One of the oldest science museums in the nation is named after one of Philly’s most famous scientific minds, as the Franklin Institute continues the mission of Benjamin Franklin in spreading the knowledge and inspiration that this vital field offers all of humanity. Notable collections here include the largest number artifacts from the Wright Brother’s (responsible for the first heavier than air flight in the world), an exhibit detailing Franklin’s work with electricity, plus many other endless interesting interactive displays.
Connected to the Franklin Institute is the Benjamin Franklin National Memorial, which is a monument created in the same style as the presidential monuments in Washington DC. The one honoring Franklin features him in a seated position in a rotunda, carved out of fine white marble.
While this famous scientist is one of Philly’s favorite sons, he wasn’t the globally famous person to call this city home. Authoring the dark poem entitled The Raven among other fine literary works, the Edgar Allan Poe National Historic Site honors the writer of the same name. Situated in a home that he once rented out in the central neighborhood of Spring Garden, this home is home to a reading room furnished after the theories posited in his essay The Philosophy of Furniture, exhibits of his life, a screening room, and a statue of a raven outside, paying homage to his best known poem.
Finally, if you don’t mind clogging up your arteries a touch, then making the trip to a purveyor of Philly Cheesesteaks is highly recommended for the orgasmic flavor experience that will ensue upon consumption. Pat’s King of Steaks and Geno’s are the best known of the lot, as Pat’s claims to have invented the sandwich, while Geno’s (as a restaurant) has been around the longest.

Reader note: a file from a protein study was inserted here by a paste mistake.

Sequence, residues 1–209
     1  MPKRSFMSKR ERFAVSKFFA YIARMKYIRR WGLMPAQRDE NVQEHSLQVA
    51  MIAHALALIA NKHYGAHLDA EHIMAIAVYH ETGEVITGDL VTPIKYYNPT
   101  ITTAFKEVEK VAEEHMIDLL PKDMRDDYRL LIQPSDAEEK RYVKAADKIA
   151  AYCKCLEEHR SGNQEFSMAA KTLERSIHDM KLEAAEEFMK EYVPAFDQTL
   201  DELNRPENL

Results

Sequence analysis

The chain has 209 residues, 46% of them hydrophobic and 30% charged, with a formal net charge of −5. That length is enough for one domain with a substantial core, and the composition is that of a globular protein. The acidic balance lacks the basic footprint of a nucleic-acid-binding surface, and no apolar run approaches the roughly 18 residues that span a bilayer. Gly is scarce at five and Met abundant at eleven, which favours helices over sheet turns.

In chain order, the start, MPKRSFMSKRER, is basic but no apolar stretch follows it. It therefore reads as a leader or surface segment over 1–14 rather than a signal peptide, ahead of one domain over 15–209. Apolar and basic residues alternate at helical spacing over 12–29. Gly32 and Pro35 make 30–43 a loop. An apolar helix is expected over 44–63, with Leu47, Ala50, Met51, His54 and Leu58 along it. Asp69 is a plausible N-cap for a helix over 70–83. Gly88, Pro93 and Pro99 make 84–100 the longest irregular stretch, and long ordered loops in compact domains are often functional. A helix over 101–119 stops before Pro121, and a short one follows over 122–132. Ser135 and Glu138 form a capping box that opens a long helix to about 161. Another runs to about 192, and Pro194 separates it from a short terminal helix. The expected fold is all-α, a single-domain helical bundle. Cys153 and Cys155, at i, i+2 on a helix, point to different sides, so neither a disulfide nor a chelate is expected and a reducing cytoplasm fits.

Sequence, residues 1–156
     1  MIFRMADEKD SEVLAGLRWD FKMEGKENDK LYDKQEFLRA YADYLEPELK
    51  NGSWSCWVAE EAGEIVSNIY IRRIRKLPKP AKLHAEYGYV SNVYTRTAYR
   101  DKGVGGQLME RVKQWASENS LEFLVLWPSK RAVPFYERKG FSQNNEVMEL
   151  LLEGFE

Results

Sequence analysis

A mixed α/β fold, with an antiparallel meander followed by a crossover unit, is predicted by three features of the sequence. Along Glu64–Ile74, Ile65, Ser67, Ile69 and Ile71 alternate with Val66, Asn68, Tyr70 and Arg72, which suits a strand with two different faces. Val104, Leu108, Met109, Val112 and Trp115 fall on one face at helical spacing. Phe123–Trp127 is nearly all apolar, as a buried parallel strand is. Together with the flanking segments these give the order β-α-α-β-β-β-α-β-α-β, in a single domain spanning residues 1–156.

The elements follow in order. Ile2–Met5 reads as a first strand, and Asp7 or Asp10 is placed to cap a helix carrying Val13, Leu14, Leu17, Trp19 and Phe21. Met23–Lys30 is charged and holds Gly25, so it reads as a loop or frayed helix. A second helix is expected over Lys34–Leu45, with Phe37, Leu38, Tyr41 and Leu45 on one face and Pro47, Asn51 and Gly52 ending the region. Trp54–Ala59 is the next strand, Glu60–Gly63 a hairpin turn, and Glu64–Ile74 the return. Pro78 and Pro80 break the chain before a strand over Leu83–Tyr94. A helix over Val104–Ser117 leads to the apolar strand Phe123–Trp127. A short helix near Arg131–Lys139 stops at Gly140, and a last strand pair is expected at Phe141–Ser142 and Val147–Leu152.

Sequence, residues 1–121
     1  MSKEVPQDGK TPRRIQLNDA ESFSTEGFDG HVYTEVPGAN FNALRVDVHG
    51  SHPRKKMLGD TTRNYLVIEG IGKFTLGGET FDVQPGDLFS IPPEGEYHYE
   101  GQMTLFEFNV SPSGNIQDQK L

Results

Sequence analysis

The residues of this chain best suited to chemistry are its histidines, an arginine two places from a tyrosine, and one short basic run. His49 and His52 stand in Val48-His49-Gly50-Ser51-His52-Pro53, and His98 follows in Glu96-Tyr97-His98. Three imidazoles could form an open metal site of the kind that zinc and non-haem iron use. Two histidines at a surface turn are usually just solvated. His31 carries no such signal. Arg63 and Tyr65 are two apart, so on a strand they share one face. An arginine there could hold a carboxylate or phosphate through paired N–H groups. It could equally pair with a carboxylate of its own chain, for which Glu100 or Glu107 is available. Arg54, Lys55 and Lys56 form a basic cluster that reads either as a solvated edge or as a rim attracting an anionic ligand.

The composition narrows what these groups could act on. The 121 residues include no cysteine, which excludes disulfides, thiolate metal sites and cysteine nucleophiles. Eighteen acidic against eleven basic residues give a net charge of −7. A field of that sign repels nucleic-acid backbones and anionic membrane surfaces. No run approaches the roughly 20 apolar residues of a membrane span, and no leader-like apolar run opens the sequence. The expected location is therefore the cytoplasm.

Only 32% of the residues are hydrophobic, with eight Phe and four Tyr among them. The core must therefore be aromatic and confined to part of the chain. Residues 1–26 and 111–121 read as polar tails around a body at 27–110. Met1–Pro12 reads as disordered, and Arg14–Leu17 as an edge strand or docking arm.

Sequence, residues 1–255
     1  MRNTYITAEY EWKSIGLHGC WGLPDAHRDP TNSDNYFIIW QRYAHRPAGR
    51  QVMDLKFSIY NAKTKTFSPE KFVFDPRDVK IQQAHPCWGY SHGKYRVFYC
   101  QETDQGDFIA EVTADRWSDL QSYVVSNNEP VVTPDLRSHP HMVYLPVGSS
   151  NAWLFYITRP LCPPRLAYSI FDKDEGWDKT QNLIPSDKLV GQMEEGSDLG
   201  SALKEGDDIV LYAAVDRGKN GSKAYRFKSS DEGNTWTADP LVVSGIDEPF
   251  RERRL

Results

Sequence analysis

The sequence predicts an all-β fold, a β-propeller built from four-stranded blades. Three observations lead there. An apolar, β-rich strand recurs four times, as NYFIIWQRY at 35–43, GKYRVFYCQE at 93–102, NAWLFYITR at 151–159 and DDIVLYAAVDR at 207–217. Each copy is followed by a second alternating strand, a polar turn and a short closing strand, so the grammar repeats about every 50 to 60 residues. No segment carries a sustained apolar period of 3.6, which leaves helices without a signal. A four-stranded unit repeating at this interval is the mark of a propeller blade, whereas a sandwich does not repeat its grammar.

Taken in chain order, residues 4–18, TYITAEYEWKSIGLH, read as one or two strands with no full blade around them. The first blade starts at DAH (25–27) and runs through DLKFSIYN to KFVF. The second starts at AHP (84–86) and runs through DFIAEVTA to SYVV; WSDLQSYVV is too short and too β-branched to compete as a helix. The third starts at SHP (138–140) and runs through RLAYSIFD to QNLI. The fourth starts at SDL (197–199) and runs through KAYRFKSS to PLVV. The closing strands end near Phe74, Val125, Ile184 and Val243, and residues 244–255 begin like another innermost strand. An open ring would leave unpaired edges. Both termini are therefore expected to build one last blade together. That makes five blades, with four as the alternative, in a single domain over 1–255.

If there’s one more museum you should see before delving into the other less cultural attractions that make Philadelphia a great place to visit, then taking a trip to the Academy of Natural Sciences will satisfy your lust for learning. Being the oldest museum in the Americas dedicated to natural sciences, this institution on the campus of Drexel University will please dino lovers, as a 43 foot skeleton of a specimen can be found on the premises. Additionally, the presence of 37 dioramas (a method of 3D representation of habitats in the olden days) will delight fans of nostalgia.
If the Walking Dead has piqued your interest in prison environments, then scope out the Eastern State Penitentiary before the coming apocalypse arrives. For the rest of us, the fact that Al Capone and famed bank robber Willie Sutton were guests here will prove to be reason enough to pay this otherwise creepy place, constructed in a castle-like fashion in the Gothic style a visit.
It seems fitting that in a city nicknamed The City Of Brotherly Love that a place like LOVE Park exists. With a landmark sculpture using the letters that compose the amorous word in a two by two configuration at its center, this small downtown park also features a single fountain that shoots a jet of water about 30 feet into the air, making it the perfect place to rest during an exhausting bout of sightseeing.
If you are seeking a bigger park to visit during your time in Philadelphia, then swinging by Franklin Square should be make your list of places to see and experience. If you are traveling with a family, it is a fun place to spend an afternoon, as it features a mini-golf course, a carousel, and a burger shack that is well-loved by area locals.